Am I close on that?
PAI: I think you’re pretty close. First of all, net neutrality is one of
the most successful marketing slogans of all time. Because who
could be against neutrality? But if you peel back the layers of the
onion and think through carefully what the economic and legal and
other implications are of it, it is essentially the government deciding
how this very dynamic marketplace should be governed.
The internet is one of the greatest free-market innovations in his-
tory. At the dawn of the internet age in the 1990s, none of us could
have foreseen how substantially this would affect American society,
As you know, there is always a faction
within this country and beyond that sees a
marketplace that’s unregulated as a prob-
lem to be solved. So that has largely
been the impulse, that we needed to
have the Depression-era rules applied
to this marketplace, notwithstanding
that there’s been no market failure, be-
cause otherwise what will happen? Con-
sumers could be harmed. But that simply
hasn’t been our experience for two decades,
prior to the imposition of these rules.
And that’s the argument I consistently
tried to make: If it ain’t broke, don’t fix it.
And the “fix” in this case is probably going to be worse than any problem that its
advocates could have conceived.
RUSH: Exactly. By the way, speaking of
the word games that are played, something I’ve noticed, you probably have too, the word “regulation” is being done away with, and
it’s being replaced by the word “protections.”
PAI: [Laughs] Yes.
RUSH: That’s one of the ways the opponents of President Trump are
seeking to cast regulations. They’re not onerous, they are protections for poor people who are being affected by these massively unfair entities. Which gets to my next question to you on the structure
of net neutrality. Who owns the internet? Who owns the pipes? You
just talked about how it’s one of the greatest things that happened.
It just evolved, and it had a totally democratic appeal. Anybody who
wanted to could access it. But is there ownership here of the pipes?
I know that Comcast owns its cables. But Comcast just provides
data for the line. Who owns the line? Where is ownership of this?
PAI: That’s a good question. The internet itself is simply a network
of networks. There is no owner of the internet as such. There are
various entities, companies that build infrastructure such as fiber or
wireless towers or other infrastructure that helps connect one network to another. They might have ownership over that piece of it.
But that’s one of the great things about the internet, is that it’s developed with this cacophony of companies vying to connect infrastructure that interconnects with everybody else. In that sense,
there really is a democratic system of governance where no one company or no one entity dominates the entire network.
RUSH: All right, and that’s crucial. Now I happened to read a par-
tial transcript of a recent Congressional oversight hearing, when
Senator Ron Johnson gave you his analogy to the internet, compar-
ing it to building a bridge in a neighborhood over a creek. I read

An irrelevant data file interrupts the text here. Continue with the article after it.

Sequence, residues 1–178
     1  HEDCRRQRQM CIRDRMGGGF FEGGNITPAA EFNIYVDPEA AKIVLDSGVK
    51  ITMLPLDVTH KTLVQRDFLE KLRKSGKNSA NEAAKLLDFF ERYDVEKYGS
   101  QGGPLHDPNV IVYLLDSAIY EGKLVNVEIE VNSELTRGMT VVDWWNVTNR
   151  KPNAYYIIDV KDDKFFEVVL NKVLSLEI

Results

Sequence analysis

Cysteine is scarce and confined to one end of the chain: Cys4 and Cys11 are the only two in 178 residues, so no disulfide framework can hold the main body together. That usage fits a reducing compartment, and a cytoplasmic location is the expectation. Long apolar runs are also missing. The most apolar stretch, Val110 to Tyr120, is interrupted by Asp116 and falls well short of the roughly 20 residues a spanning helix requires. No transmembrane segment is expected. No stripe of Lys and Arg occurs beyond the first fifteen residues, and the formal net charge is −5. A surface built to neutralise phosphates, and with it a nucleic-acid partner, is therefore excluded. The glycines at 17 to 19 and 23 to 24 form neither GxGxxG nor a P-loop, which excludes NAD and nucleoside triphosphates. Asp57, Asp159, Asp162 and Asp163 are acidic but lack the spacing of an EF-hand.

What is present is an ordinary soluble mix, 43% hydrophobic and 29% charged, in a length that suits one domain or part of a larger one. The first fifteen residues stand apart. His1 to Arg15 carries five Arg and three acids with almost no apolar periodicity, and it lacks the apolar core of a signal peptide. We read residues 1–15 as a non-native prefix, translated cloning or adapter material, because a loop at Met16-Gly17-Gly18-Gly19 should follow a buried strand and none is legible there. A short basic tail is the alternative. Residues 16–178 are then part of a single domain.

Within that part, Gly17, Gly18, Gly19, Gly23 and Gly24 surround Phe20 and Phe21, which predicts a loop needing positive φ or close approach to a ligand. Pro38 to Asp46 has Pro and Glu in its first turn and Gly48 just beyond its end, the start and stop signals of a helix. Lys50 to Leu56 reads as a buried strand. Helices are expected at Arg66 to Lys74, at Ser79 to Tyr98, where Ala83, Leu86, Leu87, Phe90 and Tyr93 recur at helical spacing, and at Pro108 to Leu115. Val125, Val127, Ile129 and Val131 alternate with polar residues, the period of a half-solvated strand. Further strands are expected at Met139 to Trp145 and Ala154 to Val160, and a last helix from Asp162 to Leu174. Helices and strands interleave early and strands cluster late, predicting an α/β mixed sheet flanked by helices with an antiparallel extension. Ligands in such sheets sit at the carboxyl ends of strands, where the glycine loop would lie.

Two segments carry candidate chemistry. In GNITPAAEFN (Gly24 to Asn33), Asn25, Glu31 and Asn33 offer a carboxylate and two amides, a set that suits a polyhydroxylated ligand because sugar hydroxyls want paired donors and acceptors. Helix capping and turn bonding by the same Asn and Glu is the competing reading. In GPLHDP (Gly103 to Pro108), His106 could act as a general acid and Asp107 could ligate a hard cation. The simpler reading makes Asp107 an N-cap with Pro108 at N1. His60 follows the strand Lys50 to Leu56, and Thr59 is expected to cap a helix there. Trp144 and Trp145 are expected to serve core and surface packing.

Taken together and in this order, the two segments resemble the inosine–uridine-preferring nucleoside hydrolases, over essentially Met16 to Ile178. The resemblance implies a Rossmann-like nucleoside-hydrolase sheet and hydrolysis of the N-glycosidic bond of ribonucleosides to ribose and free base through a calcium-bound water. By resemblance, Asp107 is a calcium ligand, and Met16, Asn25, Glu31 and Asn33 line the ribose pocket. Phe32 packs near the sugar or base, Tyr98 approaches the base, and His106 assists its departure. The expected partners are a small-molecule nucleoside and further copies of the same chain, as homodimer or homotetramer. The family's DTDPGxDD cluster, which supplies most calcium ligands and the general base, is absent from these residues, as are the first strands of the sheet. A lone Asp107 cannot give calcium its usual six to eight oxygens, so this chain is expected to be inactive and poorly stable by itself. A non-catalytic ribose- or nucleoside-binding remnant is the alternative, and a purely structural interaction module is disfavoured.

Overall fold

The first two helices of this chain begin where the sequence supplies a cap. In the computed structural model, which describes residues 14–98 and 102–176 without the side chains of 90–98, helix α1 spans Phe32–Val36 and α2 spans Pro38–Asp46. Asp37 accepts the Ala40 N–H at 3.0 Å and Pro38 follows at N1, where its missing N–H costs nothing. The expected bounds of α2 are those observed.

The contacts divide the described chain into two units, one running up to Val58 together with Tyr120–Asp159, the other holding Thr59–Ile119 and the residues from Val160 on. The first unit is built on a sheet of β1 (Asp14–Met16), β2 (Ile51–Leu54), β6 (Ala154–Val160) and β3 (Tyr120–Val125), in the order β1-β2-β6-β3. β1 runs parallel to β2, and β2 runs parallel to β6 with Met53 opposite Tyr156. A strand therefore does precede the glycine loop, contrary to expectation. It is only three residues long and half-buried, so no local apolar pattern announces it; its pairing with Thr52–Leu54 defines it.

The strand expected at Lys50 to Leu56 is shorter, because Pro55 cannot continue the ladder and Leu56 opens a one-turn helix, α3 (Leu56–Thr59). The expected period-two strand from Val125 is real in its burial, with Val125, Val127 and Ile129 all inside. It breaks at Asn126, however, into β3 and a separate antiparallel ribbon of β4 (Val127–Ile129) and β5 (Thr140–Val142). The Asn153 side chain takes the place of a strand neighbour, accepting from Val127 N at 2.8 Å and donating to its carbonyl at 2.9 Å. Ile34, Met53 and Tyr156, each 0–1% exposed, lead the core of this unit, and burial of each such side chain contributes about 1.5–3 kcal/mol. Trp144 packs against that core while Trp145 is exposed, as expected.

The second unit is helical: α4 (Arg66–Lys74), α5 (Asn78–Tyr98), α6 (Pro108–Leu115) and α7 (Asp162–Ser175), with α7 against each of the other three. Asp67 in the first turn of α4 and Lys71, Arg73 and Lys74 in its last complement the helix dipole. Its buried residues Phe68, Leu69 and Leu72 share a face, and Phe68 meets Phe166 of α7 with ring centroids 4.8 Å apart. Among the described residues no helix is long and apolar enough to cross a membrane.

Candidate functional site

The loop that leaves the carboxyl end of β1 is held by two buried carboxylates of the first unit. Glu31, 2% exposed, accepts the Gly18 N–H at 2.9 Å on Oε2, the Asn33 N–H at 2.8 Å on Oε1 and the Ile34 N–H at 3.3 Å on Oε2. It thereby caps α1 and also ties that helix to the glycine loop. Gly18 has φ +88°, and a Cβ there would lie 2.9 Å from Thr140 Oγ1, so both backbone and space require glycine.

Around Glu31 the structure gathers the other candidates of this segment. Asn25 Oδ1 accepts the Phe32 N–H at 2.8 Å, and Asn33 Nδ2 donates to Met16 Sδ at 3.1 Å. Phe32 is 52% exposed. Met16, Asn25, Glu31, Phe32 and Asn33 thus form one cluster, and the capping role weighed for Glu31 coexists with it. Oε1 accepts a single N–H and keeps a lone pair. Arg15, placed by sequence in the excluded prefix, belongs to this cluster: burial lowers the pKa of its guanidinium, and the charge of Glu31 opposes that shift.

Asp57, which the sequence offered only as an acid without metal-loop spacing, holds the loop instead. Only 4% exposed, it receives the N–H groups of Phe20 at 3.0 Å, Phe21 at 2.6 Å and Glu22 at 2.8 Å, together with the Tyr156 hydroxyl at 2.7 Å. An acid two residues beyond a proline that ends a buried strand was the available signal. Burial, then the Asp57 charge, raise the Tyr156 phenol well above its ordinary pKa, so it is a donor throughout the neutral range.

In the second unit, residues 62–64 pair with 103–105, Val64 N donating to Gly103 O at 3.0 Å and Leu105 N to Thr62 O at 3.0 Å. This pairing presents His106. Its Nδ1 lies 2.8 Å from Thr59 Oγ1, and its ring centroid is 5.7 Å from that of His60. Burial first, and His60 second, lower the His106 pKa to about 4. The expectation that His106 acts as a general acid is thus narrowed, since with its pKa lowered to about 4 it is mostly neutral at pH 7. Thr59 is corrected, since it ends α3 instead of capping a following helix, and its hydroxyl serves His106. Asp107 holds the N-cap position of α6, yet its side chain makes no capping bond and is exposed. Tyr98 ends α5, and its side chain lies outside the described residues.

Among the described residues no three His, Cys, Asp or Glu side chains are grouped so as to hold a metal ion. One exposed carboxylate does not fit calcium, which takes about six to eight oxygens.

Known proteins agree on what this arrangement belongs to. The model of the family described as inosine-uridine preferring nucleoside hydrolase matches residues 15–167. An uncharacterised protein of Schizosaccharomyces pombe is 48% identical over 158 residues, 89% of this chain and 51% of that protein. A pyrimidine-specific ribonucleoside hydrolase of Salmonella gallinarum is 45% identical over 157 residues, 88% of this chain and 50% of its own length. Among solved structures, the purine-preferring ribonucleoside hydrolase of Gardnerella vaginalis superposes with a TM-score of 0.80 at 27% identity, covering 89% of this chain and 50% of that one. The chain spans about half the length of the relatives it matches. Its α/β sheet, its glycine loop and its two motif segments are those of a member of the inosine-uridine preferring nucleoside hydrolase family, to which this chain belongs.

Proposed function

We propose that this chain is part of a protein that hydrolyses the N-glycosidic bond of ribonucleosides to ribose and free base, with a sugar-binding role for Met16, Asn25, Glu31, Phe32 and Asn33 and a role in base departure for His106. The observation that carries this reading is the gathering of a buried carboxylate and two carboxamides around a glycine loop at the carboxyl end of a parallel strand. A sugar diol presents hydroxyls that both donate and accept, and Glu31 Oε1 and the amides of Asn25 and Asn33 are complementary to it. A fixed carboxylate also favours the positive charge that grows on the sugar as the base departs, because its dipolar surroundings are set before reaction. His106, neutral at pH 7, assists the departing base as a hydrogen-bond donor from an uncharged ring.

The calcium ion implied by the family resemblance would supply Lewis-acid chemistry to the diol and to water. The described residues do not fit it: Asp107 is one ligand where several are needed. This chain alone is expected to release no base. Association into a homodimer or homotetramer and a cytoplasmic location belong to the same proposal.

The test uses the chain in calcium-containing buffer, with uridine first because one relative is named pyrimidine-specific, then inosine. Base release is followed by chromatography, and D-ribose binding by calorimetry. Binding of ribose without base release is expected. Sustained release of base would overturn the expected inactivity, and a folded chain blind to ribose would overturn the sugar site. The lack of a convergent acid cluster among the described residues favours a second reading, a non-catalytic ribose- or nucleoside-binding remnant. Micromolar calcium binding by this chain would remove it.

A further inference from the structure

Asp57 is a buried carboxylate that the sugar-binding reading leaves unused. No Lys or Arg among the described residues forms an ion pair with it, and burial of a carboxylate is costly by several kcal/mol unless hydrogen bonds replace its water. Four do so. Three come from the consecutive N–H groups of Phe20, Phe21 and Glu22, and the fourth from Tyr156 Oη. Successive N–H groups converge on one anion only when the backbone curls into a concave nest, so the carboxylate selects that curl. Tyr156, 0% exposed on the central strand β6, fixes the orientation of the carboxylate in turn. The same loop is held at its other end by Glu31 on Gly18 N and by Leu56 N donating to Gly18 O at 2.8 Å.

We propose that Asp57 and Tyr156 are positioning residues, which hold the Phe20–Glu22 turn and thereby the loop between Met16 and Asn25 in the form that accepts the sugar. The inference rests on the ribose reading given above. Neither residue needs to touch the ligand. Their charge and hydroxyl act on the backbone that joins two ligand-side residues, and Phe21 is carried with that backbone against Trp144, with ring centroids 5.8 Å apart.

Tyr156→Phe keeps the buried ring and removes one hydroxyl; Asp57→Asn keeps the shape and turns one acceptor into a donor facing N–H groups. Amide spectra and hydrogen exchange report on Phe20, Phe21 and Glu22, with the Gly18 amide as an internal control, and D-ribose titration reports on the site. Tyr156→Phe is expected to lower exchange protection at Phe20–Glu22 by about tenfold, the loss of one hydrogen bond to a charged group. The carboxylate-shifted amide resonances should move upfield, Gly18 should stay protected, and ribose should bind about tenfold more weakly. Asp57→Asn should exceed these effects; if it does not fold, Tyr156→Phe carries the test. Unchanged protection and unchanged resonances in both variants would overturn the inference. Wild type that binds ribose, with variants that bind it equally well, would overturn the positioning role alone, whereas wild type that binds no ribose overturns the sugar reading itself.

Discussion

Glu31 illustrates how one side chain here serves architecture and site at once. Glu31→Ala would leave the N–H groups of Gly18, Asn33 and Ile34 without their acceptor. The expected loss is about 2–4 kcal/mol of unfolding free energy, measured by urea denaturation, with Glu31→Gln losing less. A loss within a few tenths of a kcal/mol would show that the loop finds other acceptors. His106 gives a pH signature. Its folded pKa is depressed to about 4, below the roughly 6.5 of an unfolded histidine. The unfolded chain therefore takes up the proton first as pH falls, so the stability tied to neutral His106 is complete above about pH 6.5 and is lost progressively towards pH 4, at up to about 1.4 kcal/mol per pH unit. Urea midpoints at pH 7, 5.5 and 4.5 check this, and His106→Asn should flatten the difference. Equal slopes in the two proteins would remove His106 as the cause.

this, Chairman Pai, on a tech blog. I read tech blogs. Technology’s
my hobby, but it’s also where I keep track of young millennial po-
litical thought. And young political technical people are all-in on
net neutrality. They hate the ISPs, they hate Comcast, they hate
Verizon, they hate AT&T — because they charge people money.
Now one of these guys disagreed with Ron Johnson’s analogy to
you, and he came up with his own analogy for his readers. It’s not
very long. I want to run it by you, because this is how he’s trying to
define net neutrality for his readers:
Let’s say you live on an island, and you want to pay a company to
build a bridge to deliver supplies to you. You agree to pay that
company a set fee per month for building the bridge. And in re-
turn you expect unlimited use of that bridge and the ability to
bring your supplies over. But the bridge is administered by
Trump’s FCC. So net neutrality doesn’t apply. So the bridge
builder says, “Okay, I’ll build the bridge, but I get to choose
what supplies you get.” The bridge company has a contract
with Budweiser, so you can bring all the Budweiser across
that bridge you want, but if you want to bring any other
beer, you have to pay for it.
I guess the bridge is the internet. [Laughs] Could you
help me understand what he’s trying to say?
PAI: I think what he’s trying to say is that there’s a misplaced view of
what the internet environment is actually like. So to play along with
his analogy, he’s essentially saying that the person who owns that
bridge essentially is a monopolist. That you only have one path from
getting to point B from point A. And that monopolist has not only
the incentive, but is in fact exercising the ability to charge a toll to
certain companies who want to use that bridge. And so to use his
analogy, he’s got a contract with Budweiser, and so Bud’s going across
the bridge no problem, but he’s extracting what the economist would
call “monopoly rents” by charging everybody else $5 extra per case to
use the bridge.
Now whatever validity that analogy might have in theory, that’s
simply not how the internet works now. If you look at how traffic
goes on the internet, there is no single bridge owner who is a gatekeeper for all of that traffic. Internet traffic goes over a number of
different networks at any given point in time. And moreover, to the
extent that there was only one provider in a particular area who
owned the metaphorical bridge, we have simply not seen evidence
that there’s a systemic problem with people charging the Craft Beer
Company, to use the analogy, to use that network.
PAI: If there were such evidence, you would have expected the prior
“There is always a faction within this country who see a marketplace
that’s unregulated as a problem to be solved.” — AJIT PAI